It’s an annual tradition for the squadrons on base to host a “haunted hangar,” where they decorate the hallway and the offices for the kids to go through, get the tar scared out of them (for the bigger kids), and trick-or-treat.  It’s a blast, and we look forward to it every year!  Downstairs in the actual hangar, they use the large open space for bounce houses and socializing – and dessert, in case we haven’t been sugared up enough.  Participants are asked to bring a treat to share, and I found this darling idea on Pinterest last year for pretzel ghosts.  I know it’s lame, but they were such a hit that I’m using it again!  The combo of salty and sweet, plus easy portion control and clean-up make this treat the perfect goodie to bring to a party.


  • Large pretzel rods
  • 1 bag white chocolate chips
  • Handful of mini milk chocolate chips
  • Solo cup
  • 2 tbsp butter (optional, if chocolate is too thick)

Pour the white chocolate chips into the Solo cup, and microwave until just melted – 10 seconds at a time, don’t overheat or it will seize.  If your chocolate is too thick, add the butter to loosen it a little.  Dip a pretzel rod in the chocolate, and lay on a cookie sheet lined with aluminum foil.  Then, use 3 mini chocolate chips to create eyes and a mouth on your ghosts.  Repeat as many times as you want – a bag of white chocolate goes a long way!  I usually run out of cookie tray space before I run low on chocolate.  As the chocolate gets lower in the cup, tip it to coat further down the pretzel sticks.  When you’ve filled your cookie tray, pop it in the fridge for about 15 minutes, or until the chocolate is hard.  Store in an airtight container in the fridge.


Don’t be like me – melt the chocolate just enough! I went way too far today, and had to add butter and milk to loosen it up – the results were not pretty, but still delicious!

So after all this prep, we were ready to enjoy our evening as a family!  We had a great time, as always, and it’s super fun to make family-themed costumes while the kids are still too little to protest!  (You’ll note that Monster isn’t wearing anything from his costume but the shirt – he decided to dress up as a stubborn two-year-old tonight.  I’m hoping he’ll be Mario on Friday for trick-or-treating!)


Monster was just not having it this evening. Peach was super happy with all the activity, though!

And of course, I had to send Radar a grown-up Halloween care package, stuffed with Trader Joe’s goodies (they just opened up here in Jacksonville) and other adult treats.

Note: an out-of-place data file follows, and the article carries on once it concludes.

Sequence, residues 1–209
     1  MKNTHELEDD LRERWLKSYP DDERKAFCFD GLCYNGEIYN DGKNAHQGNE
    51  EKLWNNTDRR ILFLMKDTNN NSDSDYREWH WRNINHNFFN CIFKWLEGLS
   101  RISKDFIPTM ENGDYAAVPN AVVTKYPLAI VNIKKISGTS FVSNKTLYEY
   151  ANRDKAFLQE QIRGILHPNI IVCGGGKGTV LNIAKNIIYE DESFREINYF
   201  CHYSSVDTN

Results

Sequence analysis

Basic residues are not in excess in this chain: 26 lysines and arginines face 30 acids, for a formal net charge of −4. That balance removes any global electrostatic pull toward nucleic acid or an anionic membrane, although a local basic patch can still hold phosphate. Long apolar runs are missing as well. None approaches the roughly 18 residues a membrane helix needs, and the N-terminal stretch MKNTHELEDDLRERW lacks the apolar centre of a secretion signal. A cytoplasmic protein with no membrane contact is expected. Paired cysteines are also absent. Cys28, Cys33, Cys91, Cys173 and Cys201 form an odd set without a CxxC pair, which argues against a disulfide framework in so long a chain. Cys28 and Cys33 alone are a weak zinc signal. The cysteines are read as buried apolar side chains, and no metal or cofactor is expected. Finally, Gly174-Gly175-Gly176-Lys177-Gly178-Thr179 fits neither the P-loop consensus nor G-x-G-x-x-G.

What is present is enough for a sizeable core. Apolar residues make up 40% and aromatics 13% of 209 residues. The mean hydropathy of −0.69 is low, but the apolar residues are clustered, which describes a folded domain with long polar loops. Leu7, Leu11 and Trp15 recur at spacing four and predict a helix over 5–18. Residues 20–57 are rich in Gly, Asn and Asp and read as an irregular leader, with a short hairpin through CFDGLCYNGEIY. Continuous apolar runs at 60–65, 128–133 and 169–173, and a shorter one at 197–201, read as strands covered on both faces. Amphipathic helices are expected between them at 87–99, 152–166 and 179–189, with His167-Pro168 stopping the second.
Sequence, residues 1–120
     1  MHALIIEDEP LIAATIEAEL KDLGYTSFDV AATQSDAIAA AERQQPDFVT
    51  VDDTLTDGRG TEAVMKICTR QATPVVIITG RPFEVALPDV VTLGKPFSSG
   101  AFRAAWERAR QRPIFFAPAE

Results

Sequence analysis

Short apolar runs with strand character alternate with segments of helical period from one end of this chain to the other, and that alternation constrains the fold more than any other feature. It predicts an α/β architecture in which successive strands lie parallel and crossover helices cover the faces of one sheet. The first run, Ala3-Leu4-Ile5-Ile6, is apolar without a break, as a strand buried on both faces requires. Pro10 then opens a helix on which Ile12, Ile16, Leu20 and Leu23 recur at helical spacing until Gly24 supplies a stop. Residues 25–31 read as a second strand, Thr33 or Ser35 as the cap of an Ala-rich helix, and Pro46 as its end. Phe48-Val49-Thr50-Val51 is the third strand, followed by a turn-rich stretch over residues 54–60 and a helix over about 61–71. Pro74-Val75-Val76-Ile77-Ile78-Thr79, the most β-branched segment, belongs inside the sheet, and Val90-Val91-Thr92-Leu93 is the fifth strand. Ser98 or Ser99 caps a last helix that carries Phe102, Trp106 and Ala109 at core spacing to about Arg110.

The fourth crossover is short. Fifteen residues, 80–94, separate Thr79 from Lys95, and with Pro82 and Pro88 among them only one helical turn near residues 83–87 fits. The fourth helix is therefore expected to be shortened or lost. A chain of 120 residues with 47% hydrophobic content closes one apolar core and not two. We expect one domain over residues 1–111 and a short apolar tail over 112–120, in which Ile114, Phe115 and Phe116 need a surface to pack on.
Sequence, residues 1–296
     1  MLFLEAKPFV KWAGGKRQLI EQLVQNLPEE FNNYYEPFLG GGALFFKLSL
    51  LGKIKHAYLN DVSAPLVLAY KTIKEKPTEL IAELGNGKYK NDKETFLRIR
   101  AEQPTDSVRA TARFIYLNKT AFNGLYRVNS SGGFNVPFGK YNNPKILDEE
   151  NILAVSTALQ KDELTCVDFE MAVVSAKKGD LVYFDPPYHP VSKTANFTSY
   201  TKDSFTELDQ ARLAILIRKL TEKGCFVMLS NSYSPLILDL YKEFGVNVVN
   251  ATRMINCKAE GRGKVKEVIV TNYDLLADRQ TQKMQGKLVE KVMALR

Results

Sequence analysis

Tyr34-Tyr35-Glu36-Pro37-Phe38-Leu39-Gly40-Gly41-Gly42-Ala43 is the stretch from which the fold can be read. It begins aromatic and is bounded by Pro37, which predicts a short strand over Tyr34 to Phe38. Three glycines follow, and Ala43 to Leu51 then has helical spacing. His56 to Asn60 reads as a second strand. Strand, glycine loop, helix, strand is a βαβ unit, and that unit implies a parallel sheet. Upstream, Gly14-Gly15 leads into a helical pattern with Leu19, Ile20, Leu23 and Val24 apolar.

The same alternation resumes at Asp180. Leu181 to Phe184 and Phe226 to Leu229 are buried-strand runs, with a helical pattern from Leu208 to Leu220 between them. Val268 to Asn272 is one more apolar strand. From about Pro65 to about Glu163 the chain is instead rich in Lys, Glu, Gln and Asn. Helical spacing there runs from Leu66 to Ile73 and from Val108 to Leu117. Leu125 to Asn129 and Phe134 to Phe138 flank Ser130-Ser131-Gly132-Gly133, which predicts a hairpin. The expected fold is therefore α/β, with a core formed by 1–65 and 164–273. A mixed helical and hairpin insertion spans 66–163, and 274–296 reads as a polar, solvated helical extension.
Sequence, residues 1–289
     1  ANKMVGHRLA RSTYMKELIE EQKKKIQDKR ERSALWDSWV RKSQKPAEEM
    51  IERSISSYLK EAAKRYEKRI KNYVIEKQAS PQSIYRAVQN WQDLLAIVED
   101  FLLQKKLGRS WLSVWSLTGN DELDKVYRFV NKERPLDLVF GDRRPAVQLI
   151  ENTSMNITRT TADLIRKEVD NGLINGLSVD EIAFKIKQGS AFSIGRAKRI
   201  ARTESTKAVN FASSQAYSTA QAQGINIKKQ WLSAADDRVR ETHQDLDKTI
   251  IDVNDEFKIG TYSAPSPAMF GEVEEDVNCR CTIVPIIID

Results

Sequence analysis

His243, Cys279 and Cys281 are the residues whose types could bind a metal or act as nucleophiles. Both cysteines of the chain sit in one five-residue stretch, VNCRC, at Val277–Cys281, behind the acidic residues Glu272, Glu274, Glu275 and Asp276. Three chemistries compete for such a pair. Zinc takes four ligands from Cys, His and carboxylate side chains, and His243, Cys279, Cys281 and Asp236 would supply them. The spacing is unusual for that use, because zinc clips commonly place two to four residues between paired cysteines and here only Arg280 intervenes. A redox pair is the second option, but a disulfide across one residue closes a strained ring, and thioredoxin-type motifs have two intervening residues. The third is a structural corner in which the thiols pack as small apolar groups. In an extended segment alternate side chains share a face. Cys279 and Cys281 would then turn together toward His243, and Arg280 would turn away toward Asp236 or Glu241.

I used Halloween memes to decorate the box!

Happy Halloween!

Happy Birthday Peach!

Today, my little Peach turns 1!  I thought that Monster’s first year went quickly, but it was nothing compared to hers.  She has learned so much so quickly in her attempt to keep up with her big brother.  Here is a list of all the things she can do already:

  • Walking – first independent steps at 9 months(!), walking consistently at about 10 months
  • Words: Dada (her very favorite), Mama
  • Loves giving kisses
  • Hates bananas
  • Starting to learn to climb, but clever about getting down without falling

The one thing she’s done slower than Monster is getting teeth!  He got his first at 8 months and had 12 teeth on his first birthday (I’m not exaggerating here), but she’s still just got the first 4, which she loves to show off!  I guess her hair is a little slower than his too haha!


She also loves peanut butter… and some of it even makes it into her mouth.

A friend of mine was so sweet and sent Peach a package for her birthday (they’re birthday “twins” on August 29th) that had a gorgeous quilt for her!  I love the fabric, it has yellow giraffes, pink rhinos and orange elephants, and she used a decorative stitch on the binding that just adds such a nice touch.


Gorgeous girl on a gorgeous quilt!

She also included a little gifty for me, a few different varieties of Heat N Bond that I haven’t used before – be on the lookout for me giving them a try in future posts!  You can check out her blog here – she does a lot of recipes and sewing, too!


I normally use the Lite (on the left), but I’ve never tried the regular and I’m super excited about the Ultrahold!

On a more serious note, my grandmother who was battling pancreatic cancer passed away on August 3rd.  Today is the memorial service, so I’m in Arizona with the family while the kids hang out with Radar’s parents.

Nana and Zaidy actually happened to be passing through Jacksonville a year ago when Peach was born, and got to hold her even before Grammy (my mom)!


Nana was talking – what she was most known for 😛

I’ll get back to tutorials and recipes and fun stuff with my next post.  I’ll close today with a big happy birthday to my little girl, and a rest in peace, Nana.


I saw this great idea on Pinterest to cut your watermelon up like fries to make it easier for little ones to eat.  For Monster, this was a Pinterest fail!  He is so used to eating it sideways from a wedge that I COULD NOT get him to turn it the other way!

BlogI guess technically this is a kid fail, but it’s still funny either way!